Also there is no secondary brace in the drawing as I am still trying to figure out how and where to add that in.

Eraser3000

Offline eraser3000

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Re: Solar frame Construction
« Reply #1 on: January 21, 2018, 07:00:05 pm »
V angle maybe something like this.

With a rear attachment from base of 10" I beam to angle structure.
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Offline DJ

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Re: Solar frame Construction
« Reply #2 on: January 22, 2018, 03:02:27 am »

Is this tracking/ rotating or just fixed?

Offline eraser3000

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Re: Solar frame Construction
« Reply #3 on: January 22, 2018, 10:00:29 am »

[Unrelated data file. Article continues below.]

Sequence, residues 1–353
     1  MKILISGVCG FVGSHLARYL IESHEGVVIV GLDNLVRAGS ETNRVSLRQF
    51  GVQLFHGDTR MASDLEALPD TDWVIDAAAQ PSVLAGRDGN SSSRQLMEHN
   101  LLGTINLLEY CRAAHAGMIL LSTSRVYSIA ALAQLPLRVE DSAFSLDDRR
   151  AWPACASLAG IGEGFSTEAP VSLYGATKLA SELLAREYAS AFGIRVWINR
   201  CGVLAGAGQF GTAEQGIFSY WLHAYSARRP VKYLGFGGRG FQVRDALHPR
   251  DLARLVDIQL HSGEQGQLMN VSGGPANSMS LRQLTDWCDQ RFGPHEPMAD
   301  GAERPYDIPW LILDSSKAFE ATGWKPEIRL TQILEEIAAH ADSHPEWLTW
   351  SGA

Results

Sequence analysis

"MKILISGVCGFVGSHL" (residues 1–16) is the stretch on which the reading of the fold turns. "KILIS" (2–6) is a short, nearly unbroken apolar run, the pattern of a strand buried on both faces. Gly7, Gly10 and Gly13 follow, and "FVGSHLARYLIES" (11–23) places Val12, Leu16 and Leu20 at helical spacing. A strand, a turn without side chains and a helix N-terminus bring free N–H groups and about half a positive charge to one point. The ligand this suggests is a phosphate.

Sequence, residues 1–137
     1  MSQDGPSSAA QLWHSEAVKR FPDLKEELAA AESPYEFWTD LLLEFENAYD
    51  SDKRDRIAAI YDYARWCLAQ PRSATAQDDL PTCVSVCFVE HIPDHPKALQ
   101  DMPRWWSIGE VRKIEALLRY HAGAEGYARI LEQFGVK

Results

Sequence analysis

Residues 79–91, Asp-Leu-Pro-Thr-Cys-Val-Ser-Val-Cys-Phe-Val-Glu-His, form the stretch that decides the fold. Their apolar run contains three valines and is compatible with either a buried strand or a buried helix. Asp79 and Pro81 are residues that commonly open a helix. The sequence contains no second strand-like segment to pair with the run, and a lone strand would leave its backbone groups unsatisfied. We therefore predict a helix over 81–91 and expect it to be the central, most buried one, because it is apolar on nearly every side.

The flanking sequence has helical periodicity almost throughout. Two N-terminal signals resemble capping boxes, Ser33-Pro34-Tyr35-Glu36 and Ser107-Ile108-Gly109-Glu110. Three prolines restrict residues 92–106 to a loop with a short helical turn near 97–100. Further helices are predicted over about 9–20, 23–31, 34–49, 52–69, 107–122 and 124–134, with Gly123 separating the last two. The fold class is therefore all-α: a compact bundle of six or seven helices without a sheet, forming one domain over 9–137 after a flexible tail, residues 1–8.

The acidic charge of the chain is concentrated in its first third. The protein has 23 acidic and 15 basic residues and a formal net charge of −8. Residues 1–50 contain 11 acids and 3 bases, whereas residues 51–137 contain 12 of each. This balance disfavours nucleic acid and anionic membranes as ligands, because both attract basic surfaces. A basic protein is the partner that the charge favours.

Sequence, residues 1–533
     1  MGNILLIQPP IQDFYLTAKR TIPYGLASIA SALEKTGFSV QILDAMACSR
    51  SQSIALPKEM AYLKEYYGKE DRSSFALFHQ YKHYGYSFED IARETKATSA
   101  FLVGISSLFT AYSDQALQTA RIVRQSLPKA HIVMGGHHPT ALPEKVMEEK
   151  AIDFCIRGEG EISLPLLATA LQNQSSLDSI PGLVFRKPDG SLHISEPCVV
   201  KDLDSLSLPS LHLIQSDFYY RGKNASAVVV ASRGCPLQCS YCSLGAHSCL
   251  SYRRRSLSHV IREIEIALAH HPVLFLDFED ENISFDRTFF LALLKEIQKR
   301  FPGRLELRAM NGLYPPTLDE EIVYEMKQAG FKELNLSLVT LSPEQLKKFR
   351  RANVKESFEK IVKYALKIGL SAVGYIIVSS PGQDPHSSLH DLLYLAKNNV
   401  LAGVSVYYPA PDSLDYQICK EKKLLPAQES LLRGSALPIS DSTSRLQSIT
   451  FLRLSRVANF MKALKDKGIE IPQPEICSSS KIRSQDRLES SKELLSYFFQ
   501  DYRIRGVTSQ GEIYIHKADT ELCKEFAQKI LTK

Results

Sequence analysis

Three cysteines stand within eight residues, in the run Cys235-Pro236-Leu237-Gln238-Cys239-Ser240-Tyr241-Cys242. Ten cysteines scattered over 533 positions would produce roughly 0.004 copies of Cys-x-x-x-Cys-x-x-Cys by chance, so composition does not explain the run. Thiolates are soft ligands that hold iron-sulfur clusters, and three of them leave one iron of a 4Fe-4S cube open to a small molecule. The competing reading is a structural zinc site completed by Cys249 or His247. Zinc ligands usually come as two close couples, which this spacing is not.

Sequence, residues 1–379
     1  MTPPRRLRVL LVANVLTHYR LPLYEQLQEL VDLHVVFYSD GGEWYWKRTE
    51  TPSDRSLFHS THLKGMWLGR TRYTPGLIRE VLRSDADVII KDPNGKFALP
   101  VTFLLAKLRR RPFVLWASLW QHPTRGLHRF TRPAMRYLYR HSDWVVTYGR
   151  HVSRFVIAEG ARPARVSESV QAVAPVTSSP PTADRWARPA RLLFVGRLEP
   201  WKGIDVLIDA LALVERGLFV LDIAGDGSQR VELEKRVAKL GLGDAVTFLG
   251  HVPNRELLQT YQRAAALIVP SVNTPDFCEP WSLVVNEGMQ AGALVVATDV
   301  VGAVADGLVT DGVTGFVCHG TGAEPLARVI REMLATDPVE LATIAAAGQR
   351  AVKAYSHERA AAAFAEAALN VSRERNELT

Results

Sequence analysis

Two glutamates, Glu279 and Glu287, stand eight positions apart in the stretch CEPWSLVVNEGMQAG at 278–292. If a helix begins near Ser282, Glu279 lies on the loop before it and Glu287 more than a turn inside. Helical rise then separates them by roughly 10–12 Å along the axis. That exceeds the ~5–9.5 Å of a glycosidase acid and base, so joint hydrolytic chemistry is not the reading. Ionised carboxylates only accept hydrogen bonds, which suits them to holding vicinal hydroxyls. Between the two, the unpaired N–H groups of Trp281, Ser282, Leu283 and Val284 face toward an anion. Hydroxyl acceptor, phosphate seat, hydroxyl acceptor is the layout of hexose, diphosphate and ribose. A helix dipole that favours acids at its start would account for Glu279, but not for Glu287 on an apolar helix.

Its fixed, but I was trying to make it adjustable.

In the winter I could use 75 degrees and it will help keep the snow off.

Offline rossw

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Re: Solar frame Construction
« Reply #4 on: January 22, 2018, 02:02:47 pm »
I've been though this recently. My original "fixed, linear array" was very similar to your first drawing - a single axle, cross-arms and vertical supports. It works but the degree of flex along the panels did (and still does) concern me.

I recently made 2 (really 4) extra arrays, and re-thought it. Like you, I considered a triangular-section frame but it had too many down-sides with making the array tiltable. In the end, I made it out of structural 2" gal and fittings, some pics to follow: